University of Georgia finds personal experience crucial to influenza vaccination decision

Courtesy of the CDC
A study from the University of Georgia (UGA) indicates that personal experience relating to receiving the annual influenza vaccine can play a part in whether or not someone chooses to be vaccinated, researchers said Monday.

In the 2013 National Health Interview Survey, it states that approximately 29.6 percent of adults between 18 and 49 get vaccines; in the next age group, from 50 to 64, 46.5 percent do; in those over the age of 68, 67.9 percent get vaccinated.

Those behind this study surveyed communication research relating to flu vaccination between 2000 and 2013. Reasons that researchers found for not getting the vaccine included perceptions that the illness is manageable and previous negative experience with the vaccination process. Some reasons that individuals do get vaccinated included convenience of administration, trusted doctor recommendations or that they are older and have external chronic conditions.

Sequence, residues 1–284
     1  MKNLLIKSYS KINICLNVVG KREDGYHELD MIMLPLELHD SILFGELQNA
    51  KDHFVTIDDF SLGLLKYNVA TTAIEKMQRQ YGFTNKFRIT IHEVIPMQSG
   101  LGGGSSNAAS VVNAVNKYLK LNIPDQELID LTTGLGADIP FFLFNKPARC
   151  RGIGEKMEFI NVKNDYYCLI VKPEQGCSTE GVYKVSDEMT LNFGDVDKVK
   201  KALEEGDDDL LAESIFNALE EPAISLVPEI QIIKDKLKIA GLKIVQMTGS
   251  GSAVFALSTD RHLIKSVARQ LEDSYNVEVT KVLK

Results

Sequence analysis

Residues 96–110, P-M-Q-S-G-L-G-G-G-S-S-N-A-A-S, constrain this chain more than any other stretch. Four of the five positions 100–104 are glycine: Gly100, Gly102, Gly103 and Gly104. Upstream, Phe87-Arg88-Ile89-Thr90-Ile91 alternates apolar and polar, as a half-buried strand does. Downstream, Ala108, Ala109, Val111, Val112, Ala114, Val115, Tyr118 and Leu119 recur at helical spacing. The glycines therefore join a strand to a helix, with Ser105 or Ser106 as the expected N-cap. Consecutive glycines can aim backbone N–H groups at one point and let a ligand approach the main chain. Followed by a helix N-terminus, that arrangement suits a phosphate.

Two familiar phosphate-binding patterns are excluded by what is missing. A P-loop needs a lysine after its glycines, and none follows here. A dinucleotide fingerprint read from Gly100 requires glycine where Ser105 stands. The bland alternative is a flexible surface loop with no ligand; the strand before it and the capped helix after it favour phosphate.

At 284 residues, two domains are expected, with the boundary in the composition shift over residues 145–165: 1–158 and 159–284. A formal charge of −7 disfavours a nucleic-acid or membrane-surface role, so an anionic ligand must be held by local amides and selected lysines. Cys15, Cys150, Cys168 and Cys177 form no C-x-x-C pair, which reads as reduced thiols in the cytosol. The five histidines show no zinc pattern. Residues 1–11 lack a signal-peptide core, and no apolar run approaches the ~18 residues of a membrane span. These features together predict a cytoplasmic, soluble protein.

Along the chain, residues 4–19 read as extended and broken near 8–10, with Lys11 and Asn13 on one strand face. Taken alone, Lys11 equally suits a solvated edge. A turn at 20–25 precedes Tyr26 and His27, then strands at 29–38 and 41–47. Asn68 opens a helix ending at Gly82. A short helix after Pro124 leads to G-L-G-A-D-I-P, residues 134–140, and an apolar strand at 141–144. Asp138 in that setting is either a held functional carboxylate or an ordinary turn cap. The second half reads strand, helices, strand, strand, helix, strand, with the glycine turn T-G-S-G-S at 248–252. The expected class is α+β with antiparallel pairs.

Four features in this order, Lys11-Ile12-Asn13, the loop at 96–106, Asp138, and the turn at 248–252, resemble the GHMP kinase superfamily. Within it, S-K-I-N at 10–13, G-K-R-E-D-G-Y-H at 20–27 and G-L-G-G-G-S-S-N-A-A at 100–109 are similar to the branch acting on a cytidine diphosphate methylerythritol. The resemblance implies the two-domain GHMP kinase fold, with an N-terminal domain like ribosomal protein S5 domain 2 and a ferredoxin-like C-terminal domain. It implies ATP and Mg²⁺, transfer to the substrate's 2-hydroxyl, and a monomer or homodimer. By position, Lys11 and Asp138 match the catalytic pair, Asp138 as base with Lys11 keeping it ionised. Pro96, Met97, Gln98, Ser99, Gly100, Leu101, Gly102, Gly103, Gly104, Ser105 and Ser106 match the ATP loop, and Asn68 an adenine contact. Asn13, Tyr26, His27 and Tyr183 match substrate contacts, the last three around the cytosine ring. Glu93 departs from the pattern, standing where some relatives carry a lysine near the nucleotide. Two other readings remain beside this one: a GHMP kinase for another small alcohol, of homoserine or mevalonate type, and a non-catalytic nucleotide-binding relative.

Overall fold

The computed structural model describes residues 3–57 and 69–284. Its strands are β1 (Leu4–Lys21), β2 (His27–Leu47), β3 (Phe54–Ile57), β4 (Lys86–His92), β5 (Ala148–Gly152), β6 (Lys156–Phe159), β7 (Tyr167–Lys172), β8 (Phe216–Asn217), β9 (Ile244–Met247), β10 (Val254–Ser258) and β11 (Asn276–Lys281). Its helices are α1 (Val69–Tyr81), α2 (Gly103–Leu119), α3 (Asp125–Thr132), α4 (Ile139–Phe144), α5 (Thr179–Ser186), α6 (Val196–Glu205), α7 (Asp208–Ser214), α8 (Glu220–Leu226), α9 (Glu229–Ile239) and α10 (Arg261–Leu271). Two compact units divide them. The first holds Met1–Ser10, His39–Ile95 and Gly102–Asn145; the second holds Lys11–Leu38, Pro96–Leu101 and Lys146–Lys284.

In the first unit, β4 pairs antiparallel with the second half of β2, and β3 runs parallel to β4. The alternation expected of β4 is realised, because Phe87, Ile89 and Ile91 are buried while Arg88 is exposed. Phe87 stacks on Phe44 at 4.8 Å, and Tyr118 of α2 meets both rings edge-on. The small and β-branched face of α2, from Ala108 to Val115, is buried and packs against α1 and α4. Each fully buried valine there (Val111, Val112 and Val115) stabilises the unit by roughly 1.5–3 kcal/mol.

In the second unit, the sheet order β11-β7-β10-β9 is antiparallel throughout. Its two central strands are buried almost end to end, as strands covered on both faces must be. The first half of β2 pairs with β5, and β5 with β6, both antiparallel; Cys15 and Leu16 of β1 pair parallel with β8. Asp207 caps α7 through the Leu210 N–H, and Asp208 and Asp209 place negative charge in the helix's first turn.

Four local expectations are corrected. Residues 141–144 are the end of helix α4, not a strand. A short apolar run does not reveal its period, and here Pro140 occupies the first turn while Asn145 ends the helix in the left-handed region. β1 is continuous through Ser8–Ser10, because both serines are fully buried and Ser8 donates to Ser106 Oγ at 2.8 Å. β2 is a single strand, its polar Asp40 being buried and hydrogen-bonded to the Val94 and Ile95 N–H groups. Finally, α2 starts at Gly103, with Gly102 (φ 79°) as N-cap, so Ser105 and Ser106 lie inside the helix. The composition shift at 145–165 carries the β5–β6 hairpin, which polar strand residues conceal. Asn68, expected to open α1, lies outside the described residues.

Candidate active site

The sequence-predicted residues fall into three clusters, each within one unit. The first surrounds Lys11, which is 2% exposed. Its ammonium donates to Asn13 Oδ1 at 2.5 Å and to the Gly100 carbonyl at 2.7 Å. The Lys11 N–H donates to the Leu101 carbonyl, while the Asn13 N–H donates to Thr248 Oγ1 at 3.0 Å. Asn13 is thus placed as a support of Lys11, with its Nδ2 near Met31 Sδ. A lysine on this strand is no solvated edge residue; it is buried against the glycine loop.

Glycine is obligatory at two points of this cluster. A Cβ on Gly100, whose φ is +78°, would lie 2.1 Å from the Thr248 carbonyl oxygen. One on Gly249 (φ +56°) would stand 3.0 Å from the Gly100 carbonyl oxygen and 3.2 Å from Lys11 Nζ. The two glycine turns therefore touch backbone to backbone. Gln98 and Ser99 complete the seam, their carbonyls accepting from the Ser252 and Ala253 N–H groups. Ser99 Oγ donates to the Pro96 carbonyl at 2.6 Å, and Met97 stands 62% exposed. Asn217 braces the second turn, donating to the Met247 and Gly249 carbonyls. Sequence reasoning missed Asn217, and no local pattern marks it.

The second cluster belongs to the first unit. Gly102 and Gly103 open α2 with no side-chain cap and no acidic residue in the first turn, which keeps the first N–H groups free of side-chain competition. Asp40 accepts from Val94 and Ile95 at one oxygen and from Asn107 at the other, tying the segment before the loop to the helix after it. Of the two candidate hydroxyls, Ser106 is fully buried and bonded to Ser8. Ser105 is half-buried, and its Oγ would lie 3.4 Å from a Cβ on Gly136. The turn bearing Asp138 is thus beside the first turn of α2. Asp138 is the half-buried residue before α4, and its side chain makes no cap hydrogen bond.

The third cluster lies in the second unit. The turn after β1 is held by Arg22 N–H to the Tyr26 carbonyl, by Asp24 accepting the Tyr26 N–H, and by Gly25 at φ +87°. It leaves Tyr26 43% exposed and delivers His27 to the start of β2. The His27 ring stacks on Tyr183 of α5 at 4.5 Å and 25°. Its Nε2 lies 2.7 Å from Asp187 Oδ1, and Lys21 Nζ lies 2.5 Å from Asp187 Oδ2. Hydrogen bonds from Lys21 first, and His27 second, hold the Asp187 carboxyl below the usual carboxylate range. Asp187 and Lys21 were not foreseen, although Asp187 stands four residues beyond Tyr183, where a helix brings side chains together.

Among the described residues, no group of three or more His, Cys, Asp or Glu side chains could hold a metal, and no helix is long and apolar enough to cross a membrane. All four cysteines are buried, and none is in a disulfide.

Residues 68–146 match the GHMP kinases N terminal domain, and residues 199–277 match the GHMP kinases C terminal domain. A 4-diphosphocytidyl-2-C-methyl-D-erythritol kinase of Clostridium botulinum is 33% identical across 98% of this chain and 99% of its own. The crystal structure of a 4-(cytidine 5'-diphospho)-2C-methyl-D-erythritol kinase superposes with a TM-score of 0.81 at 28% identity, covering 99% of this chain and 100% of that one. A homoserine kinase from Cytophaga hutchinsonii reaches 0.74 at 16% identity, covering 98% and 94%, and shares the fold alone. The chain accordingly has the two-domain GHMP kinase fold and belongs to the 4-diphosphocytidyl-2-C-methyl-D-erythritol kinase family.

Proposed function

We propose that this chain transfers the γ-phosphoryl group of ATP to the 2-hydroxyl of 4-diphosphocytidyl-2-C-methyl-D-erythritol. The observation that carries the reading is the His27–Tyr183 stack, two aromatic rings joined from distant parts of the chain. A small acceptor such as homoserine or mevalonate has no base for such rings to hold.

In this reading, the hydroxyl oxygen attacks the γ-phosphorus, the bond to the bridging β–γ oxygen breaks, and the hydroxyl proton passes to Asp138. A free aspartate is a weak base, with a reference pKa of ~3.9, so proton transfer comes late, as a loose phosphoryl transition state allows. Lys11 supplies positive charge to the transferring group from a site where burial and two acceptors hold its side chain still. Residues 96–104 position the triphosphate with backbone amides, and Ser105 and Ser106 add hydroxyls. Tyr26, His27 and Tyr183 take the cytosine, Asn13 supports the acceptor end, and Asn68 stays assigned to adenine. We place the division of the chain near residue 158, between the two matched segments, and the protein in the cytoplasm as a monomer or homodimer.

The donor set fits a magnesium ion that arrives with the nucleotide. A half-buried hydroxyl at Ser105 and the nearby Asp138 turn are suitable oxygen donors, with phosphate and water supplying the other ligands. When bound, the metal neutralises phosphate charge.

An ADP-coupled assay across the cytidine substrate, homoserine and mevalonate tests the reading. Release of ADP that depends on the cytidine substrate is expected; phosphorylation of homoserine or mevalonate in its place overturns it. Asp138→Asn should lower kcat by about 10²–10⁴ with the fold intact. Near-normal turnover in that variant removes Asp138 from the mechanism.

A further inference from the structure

"Overall, these studies consistently found that people need to see flu as real and serious health threat -- either through personal experience or communication messages and materials -- in order to get vaccinated," Glen Nowak, study author and director of UGA's Center for Health and Risk Communication within the Grady College of Journalism and Mass Communication, said. "They also consistently found that misperceptions, such as believing the vaccine causes the flu, remain and are sometimes held by healthcare providers."

Nowak was joined in this study by Kelli Bursey of the Oak Ridge Institute for Science and Education. This study can be found in the most recent edition of Vaccine.

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Oak Ridge Institute for Science and Education University of Georgia

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